15. ^ a b Loader, Brian D.; Mercea, Dan (2011). "Networking Democracy? Social media innovations and participatory politics". Information, Communication & Society. 14 (6): 757–769. doi:10.1080/1369118X.2011.592648.
  16. ^ Boulianne, Shelly (2015). "Social media use and participation: a meta-analysis of current research". Information, Communication & Society. 18 (5): 524–538. doi:10.1080/1369118X.2015.1008542.
  17. ^ Kahne, Joseph; Bowyer, Benjamin (2018). "The Political Significance of Social Media Activity and Social Networks". Political Communication. 35 (3): 470–493. doi:10.1080/10584609.2018.1426662.
  18. ^ David., Bollier, (2008). Viral spiral : how the commoners built a digital republic of their own. New York: New Press. ISBN 978-1595583963. OCLC 227016731.
  19. ^ Earl, Jennifer; Kimport, Katrina (2011). Digitally enabled social change : activism in the Internet age. Cambridge, Mass.: MIT Press. ISBN 9780262015103. OCLC 639573767.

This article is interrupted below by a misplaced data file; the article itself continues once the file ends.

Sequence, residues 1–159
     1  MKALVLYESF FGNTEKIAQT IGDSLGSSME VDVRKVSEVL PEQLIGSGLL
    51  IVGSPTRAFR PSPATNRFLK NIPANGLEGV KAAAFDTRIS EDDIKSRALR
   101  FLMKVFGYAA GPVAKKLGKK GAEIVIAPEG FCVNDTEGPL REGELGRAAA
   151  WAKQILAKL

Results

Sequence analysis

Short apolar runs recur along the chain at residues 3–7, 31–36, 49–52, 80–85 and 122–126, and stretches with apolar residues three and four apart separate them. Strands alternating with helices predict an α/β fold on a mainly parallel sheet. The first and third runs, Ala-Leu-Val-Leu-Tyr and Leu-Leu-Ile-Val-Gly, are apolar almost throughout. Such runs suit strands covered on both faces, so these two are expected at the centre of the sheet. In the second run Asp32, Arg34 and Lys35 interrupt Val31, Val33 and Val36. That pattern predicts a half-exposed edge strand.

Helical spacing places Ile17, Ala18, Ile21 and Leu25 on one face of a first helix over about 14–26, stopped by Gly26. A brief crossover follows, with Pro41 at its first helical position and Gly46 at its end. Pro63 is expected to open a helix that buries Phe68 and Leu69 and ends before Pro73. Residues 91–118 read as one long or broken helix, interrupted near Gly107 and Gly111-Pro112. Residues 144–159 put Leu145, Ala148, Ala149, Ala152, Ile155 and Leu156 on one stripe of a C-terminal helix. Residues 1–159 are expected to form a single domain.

20. ^ Guidry, John; Kennedy, Michael; Zald, Mayer, eds. (2000). Globalizations and Social Movements. Ann Arbor, MI: University of Michigan Press. doi:10.3998/mpub.11707. ISBN 9780472097210.
  21. ^ Piper, Nicola; Uhlin, Anders (2004). Transnational activism in Asia : problems of power and democracy. London: Routledge. ISBN 978-0415315135. OCLC 51817597.
  22. ^ Calhoun, Craig J., ed. (1992). Habermas and the public sphere. Cambridge, Mass.: MIT Press. ISBN 978-0262031837. OCLC 23650367.
  23. ^ Fraser, Nancy (1990). "Rethinking the Public Sphere: A Contribution to the Critique of Actually Existing Democracy". Social Text (25/26): 56–80. doi:10.2307/466240. JSTOR 466240.
  24. ^ Schlosberg, David; Dryzek, John S. (2002). "Digital Democracy: Authentic or Virtual?". Organization & Environment. 15 (3): 332–335. JSTOR 26162195.